Thanks to this sibling (sub)tasks can be treated as a unit and given the hierarchical nature, the runtime can reify it into a tree. This facilitates policy applications to a subtree and also allows observability tools to represent subtasks as junior to their parent, thus also increasing the clarity by a large degree.

So let’s implement this again:

try (final var scope = new StructuredTaskScope.ShutdownOnFailure()) {
            Supplier<Person> personTask =
                    scope.fork(() -> findPerson(userId));
            Supplier<Weather> weatherTask =
            Supplier<Activity> activityTask =
                    scope.fork(() -> findActivity(userId));

            final var person = personTask.get();
            final var weather = weatherTask.get();
            final var activity = activityTask.get();

            return new GarderobeSelectionInput(person, weather, activity);

        } catch (InterruptedException e) {
            throw new RuntimeException(e);

Keep in mind, each scope .fork() creates a subtask that is bound to the scope.

As you can see, this allows us to clearly reflect the structure and tasks that should be completed together and to manage their state. This allows us to more easily observe the behaviour, and manage their state. Ideally speaking, this will make this all more approachable. Given we’re using ShutdownOnFailure in case one of our tasks fails (say the weather service is unavailable, the other subtasks will also be canceled if they haven’t wrapped up yet).

Some API information

You can use StructuredTaskScope directly,  but quite often you’ll use one of the subclasses that have a defined ShutdownPolicy (you can certainly write your own, but these 2 cover the most common use cases).

ShutdownOnSuccess: useful when we just need the result of the first successfully wrapped-up subtask. 

ShutdownOnFailure: in case we’re just interested in the first exception to happen

In both cases, the other tasks will be interrupted, and the owner awaken. (examples of short-circuiting patterns). These implement AutoClosable, so there’s no need to close them ourselves when we use these in Try With Resources.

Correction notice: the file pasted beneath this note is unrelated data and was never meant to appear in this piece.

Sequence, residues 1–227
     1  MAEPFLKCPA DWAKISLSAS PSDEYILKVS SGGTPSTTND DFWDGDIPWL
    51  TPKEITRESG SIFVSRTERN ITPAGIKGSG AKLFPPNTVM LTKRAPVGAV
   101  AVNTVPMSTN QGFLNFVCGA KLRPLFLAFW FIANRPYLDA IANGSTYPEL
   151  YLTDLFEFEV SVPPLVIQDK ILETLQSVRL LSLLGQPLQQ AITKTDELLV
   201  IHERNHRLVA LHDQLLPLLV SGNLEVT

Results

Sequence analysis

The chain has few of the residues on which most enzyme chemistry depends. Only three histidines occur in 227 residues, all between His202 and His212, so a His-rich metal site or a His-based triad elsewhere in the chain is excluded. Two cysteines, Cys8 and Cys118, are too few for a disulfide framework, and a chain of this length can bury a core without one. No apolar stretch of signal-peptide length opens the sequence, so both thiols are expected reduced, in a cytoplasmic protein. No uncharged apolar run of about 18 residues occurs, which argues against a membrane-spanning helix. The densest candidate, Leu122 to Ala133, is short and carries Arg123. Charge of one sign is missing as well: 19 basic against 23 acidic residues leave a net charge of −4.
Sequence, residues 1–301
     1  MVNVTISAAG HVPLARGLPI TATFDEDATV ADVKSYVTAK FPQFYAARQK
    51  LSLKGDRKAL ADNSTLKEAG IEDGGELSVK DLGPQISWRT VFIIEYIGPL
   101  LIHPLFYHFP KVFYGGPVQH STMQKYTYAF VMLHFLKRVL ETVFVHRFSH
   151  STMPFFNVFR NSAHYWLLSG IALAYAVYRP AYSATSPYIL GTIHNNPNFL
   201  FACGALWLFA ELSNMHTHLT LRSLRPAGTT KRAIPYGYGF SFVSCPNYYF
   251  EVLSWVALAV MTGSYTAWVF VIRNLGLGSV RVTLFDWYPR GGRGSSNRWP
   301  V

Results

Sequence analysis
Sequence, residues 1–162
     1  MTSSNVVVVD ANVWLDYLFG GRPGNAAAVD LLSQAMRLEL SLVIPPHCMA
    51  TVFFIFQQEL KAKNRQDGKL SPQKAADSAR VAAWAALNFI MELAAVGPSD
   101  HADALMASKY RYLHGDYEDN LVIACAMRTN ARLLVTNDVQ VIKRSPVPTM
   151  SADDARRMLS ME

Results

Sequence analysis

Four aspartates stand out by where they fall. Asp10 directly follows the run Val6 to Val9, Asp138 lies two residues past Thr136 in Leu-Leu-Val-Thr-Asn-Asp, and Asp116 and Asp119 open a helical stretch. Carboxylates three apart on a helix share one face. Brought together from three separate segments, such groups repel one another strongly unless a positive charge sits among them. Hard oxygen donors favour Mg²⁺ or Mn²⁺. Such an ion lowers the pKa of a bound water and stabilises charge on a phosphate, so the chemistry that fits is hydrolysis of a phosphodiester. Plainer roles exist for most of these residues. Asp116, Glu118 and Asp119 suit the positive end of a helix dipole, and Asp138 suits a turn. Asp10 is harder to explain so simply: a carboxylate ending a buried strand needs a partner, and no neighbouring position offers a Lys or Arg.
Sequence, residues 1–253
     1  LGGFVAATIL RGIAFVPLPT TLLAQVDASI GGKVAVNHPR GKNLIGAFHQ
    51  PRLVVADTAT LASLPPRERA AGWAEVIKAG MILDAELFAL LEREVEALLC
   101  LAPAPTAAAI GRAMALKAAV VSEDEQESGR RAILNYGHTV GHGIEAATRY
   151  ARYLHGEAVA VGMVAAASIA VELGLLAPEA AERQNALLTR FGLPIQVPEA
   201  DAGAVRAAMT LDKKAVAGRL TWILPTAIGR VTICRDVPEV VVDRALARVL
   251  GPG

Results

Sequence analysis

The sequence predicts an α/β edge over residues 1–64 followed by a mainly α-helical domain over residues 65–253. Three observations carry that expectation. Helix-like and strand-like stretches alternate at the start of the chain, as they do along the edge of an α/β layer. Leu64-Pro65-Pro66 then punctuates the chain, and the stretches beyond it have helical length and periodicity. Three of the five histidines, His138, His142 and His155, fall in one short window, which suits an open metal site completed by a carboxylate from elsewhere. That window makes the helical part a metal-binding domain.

To recap, StructuredTaskScope facilitates:

  • error handling with short-circuiting
  • cancellation propagation
  • clarity thanks to the clear scope
  • observability thanks to the clear task hierarchy in thread dumps

Virtual threads?

are database processing/network related then we can use VTs whilst we wait on the result. Thus saving us resources, and allowing us to service more requests without a major increase in resource usage.

Note: In this case, it’s a preview, that can already be used, so the development team can gather feedback to improve the workflow.

Note: to use this new functionality you need to use `–release 21 –enable-preview` when compiling your class


Whilst this new approach does showcase that concurrency will become easier with this new API, it is also apparent that the application landscape is rapidly evolving, and that our applications are becoming increasingly complex.

Thus proper attention needs to be taken to gather insights into what is going on in our applications.

Virtual Threads (VT) are fully integrated with the JDK Flight Recorder, so events are emitted when a VT starts/ends/doesn’t start/blocks while pinned. The JSON thread-dump format also shows StructuredTaskScope’s grouping of threads in a hierarchy (jcmd <pid> Thread.dump_to_file -format=json <file>)

We can observe what’s going on in a StructuredTaskScope and its forked subtasks by using: 

jcmd <pid> Thread.dump_to_file -format=json <output_file>

In the generated output we can then see the StructuredTaskScope within the threadContainers segment and the threads of its forked subtasks:

  "threadDump": {
    "threadContainers": [
        "container": "<root>",
        "parent": null,
        "owner": null,
        "threads": [
        "container": "java.util.concurrent.StructuredTaskScope$ShutdownOnFailure@4f923272",
        "parent": "<root>",
        "owner": "1",
        "threads": [
         ... (subtasks)
        "threadCount": "3"

Now, of course, we obviously can’t forget about OpenTelemetry which makes it very easy to track what’s going on in your applications by emitting the proper signals, which can then be collected and interpreted. Ideally, one should strive for continuous feedback, and interpret this information as soon as possible to determine how their changes are impacting the overall behavior of the application. One such tool is Digma, which easily integrates with IntelliJ IDEA.


Structured Concurrency –

Virtual threads – – 

OpenTelemetry – 

JDK Flight Recorder – – 

Conclusion: Structured Concurrency

This article was contributed to the Digma blog by Simon Verhoeven, a Senior Software Engineer, and Java Consultant with a particular focus on Cloud quality and Maintainability.